Justice, Equity, Diversity and Inclusion Award

The Justice, Equity, Diversity and Inclusion Award honors faculty who have done significant research, teaching or service/leadership to advance justice, equity, diversity and inclusion at the University, in the person's field of study, or in our broader community. These awards are meant to advance and elevate equity work; provide funding in recognition of the value of that work; and showcase critical scholarship, pedagogy, and community engagement.

Candidates for the awards are nominated by their departments. These awards are made possible through the generous support of the Office of the Executive Vice President and Provost and the Office of Equity and Diversity.

Nomination materials are available at https://faculty.umn.edu/review-recognition/awards-recognition/awards

List of Recipients


Ruby Nancy, Marketing, Labovitz School of Business and Economics, UMN Duluth

Dr. Ruby Nancy infuses her values into her service, leadership, teaching and research at the University of Minnesota Duluth—supporting justice, equity, diversity, and inclusion in the classroom and beyond. Her committee work, leadership, and teaching in the Labovitz School and her efforts with UMD-wide organizations all center DEI concerns: anti-racist pedagogy, teaching for accessibility, economic equity, and community building. Her research brings Black feminism and queer feminist rhetorical practices into the field of business.

R. Lee Penn, Chemistry, College of Science and Engineering, UMN Twin Cities

Lee’s outreach and advocacy for students, staff, postdocs, and faculty who hold marginalized identities has consistently grown since arriving at the UMN, with recognition of their work at the local, national, and international levels. Their focus on continuing education on topics related to Diversity, Equity, and Inclusion emphasizes their own development and growth as well as that within the communities of current and aspiring STEM (Science, Technology, Engineering, and Math) professionals and instructors.

Jeanine Weekes Schroer, Philosophy, College of Arts, Humanities, and Social Sciences, UMN Duluth

Dr. Schroer’s research concerns racism, sexism, and ableism; oppressive narratives; and restorative
justice. Her current project examines how narratives of untrustworthiness permeate the healthcare
experiences of black patients and correlating shortcomings in healthcare and medical research they
reveal. Her anti-racist policy work — specifically the liberal education category on race, power, and
justice and faculty development work in accord with it — have had a considerable impact on justice,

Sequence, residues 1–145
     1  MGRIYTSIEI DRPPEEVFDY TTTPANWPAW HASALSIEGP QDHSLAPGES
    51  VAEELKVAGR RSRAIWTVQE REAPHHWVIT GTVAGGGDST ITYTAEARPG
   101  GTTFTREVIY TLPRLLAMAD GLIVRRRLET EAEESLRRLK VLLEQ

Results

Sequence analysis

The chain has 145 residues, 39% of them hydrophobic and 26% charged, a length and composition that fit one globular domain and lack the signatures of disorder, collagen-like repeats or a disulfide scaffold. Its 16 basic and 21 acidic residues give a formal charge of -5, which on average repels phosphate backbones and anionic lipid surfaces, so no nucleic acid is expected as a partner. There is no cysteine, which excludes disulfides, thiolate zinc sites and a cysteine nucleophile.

equity, diversity and inclusion at UMD.


Brooke Cunningham, Family Medicine & Community Health, Medical School, UMN Twin Cities

Dr. Cunningham advances justice, equity, diversity and inclusion as a researcher and medical educator. Her research broadly focuses on race and medicine. Her current study aims to reduce racial disparities in healthcare by training White physicians to safely and effectively talk to Black patients about experiences of racism. As co-director of the DEI Thread in the Medical School, she partners with faculty, staff, and students to increase health equity content in the curriculum and to cultivate antiracist learning environments.

Malinda Alaine Lindquist, History, College of Liberal Arts, UMN Twin Cities

Malinda Alaine Lindquist's research explores how Black social scientists understood, challenged and constructed masculinity and debated and contested the meanings of educational equity, achievement, and harm. Her justice, equity, diversity and inclusion work is most visible in her embrace of assessment tools and pedagogical frameworks that center equity; her engagement with University-wide efforts to excavate institutional racism and center racial analysis; and her collaborations with Historically Black Colleges and Universities.

Allen Mensinger, Biology, Swenson College of Science and Engineering, UMN Duluth

Increasing equity, inclusion and diversity in the biological sciences, Dr. Mensinger has used his extramural funding during the past two decades to substantially increase the number of research opportunities for students in the STEM fields and to support a diverse group of scholars in undergraduate, graduate and post-doctoral research in the biological sciences at the university, regional and national level. This has resulted in disproportionate numbers of students in marginalized populations enrolling and completing graduate degrees in the STEM fields.

Alisha Wackerle-Hollman, Educational Psychology, College of Education & Human Development, UMN Twin Cities

Dr. Wackerle-Hollman has pursued a research agenda that focuses on family engagement and early childhood assessment with families and children that has a deep commitment to promoting social justice, equity and inclusion in community and educational settings. She has used community-based participatory research methodology in collaboration with communities to build family and educator capacity to assess and nurture Spanish and Hmong language development as well as to build positive parenting skills through an empowerment lens.